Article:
|Project Northland is a community- wide
alcohol use prevention research trial, sponsored by the National Institute
on Alcohol Abuse and Alcoholism of the National Institutes of Health,
that builds on research of the past two decades in primary prevention
of alcohol, tobacco, and other drug use with young adolescents.
Project Northland is:
- The largest randomized community trial that has ever been conducted
for the prevention of adolescent alcohol use, involving 24 school districts
and 28 adjoining communities in northeastern Minnesota.
- The first prevention trial to systematically link and study behavioral
curricula in schools, parental involvement programs, extracurricular
peer leadership, and communitywide efforts for young adolescents in
grades 6 - 8.
Students in the Class of 1998 from the 24 school districts were the focus
of the evaluation of Project Northland. School districts and communities
were randomized to intervention or reference condition in 1991. The first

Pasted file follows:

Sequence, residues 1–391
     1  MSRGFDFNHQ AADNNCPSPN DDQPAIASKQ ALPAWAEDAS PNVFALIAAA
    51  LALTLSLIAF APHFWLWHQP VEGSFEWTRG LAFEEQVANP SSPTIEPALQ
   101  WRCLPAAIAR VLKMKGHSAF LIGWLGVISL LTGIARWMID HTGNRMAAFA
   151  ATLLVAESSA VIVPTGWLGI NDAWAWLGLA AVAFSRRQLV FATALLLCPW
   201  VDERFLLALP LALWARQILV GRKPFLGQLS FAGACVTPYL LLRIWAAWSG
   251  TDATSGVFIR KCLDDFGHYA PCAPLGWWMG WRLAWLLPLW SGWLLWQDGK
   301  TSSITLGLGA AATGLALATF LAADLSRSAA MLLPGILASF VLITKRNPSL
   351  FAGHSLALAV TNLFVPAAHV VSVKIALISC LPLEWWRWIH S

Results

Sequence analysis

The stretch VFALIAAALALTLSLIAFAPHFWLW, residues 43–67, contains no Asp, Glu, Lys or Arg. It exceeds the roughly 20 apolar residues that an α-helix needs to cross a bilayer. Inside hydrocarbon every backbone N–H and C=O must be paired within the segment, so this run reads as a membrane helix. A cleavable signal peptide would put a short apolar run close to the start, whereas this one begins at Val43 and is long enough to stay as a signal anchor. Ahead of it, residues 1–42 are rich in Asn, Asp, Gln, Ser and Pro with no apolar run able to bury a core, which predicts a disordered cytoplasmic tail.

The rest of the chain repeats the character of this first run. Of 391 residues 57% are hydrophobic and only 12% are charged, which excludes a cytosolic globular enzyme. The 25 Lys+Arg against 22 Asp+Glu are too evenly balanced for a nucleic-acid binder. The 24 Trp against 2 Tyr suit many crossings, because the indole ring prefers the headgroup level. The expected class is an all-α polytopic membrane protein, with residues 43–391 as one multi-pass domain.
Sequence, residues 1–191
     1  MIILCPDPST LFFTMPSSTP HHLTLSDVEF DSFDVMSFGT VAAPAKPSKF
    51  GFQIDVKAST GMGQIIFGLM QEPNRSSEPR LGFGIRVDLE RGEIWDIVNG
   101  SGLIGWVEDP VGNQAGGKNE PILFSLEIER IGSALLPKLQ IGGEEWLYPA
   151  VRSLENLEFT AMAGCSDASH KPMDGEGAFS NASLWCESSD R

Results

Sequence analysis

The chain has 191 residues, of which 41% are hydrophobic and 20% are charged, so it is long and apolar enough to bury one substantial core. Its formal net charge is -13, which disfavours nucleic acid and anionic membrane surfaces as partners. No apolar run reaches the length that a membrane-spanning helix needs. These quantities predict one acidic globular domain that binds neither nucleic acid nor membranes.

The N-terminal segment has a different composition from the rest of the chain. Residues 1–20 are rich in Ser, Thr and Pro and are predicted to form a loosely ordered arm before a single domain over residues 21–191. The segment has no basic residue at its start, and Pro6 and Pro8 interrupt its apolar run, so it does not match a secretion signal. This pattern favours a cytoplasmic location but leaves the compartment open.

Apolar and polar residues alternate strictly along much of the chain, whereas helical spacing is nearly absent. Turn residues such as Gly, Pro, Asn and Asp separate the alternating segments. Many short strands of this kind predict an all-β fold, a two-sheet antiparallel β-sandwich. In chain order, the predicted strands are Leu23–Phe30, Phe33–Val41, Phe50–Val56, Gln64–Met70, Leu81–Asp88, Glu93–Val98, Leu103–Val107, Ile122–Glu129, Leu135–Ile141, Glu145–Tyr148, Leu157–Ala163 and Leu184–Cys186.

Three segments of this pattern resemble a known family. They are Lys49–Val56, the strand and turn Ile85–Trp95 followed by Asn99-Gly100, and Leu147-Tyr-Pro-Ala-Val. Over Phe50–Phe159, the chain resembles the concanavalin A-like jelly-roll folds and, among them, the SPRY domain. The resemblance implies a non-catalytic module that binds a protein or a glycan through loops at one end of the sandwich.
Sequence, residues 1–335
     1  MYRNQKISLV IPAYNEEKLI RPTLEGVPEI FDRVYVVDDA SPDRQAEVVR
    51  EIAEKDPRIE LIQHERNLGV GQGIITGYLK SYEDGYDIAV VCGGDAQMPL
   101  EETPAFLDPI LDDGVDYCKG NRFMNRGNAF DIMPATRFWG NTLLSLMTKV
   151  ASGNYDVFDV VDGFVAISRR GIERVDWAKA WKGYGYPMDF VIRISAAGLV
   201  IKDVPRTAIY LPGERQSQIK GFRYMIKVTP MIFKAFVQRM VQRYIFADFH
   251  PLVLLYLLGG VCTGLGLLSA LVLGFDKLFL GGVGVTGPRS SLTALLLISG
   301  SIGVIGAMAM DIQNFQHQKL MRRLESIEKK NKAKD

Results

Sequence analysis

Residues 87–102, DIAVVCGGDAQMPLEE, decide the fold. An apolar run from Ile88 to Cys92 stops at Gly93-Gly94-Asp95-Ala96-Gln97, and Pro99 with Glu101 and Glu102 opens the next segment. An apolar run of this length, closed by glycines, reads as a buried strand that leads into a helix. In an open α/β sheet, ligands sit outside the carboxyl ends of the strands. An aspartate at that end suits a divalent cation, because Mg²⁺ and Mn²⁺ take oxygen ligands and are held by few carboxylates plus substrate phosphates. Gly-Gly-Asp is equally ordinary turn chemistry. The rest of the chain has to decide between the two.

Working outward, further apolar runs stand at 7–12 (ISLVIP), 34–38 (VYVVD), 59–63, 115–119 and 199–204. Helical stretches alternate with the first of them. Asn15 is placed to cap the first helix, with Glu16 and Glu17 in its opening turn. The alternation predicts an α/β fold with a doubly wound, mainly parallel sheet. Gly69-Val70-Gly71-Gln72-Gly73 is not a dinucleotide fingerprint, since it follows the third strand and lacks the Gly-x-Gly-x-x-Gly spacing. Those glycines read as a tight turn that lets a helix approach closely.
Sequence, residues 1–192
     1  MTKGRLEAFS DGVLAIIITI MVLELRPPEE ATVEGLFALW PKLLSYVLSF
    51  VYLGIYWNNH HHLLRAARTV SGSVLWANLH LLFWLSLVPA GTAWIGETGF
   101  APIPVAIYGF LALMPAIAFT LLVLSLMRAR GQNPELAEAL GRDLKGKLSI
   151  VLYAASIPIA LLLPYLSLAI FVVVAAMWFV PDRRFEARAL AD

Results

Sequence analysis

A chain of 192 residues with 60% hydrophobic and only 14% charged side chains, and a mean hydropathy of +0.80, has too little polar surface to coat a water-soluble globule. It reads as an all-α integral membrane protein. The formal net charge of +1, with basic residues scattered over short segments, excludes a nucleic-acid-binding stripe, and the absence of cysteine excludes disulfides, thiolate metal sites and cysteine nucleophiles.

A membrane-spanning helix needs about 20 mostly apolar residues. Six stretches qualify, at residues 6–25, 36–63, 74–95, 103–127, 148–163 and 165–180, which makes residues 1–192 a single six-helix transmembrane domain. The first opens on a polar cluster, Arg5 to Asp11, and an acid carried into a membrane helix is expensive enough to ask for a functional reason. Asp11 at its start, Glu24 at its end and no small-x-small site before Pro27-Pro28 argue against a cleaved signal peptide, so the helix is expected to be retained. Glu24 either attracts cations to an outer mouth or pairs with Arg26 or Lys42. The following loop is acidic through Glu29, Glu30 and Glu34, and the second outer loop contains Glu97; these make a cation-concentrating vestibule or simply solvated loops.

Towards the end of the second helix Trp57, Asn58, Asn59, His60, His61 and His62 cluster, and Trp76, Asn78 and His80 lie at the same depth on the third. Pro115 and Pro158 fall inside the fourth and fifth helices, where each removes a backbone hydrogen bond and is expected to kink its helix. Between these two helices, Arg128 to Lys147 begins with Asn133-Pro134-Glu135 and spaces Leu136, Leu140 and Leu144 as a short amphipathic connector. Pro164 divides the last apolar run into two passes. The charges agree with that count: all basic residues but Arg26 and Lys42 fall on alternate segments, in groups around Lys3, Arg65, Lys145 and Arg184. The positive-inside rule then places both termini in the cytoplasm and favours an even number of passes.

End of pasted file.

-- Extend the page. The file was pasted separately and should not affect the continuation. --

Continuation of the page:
phase of Project Northland took place in the intervention schools and
communities from 1991 to 1994. Reference schools and communities used
their own programs before receiving the Project Northland programs in
After three years of Project Northland activities, when the students were
at the end of 8th grade, monthly drinking was 20% lower among students
in the intervention school districts compared with students in the reference
districts, and weekly drinking was 30% lower. Project Northland provides
strong support for primary prevention programs that systematically involve
young adolescent, parents, peers and community members.
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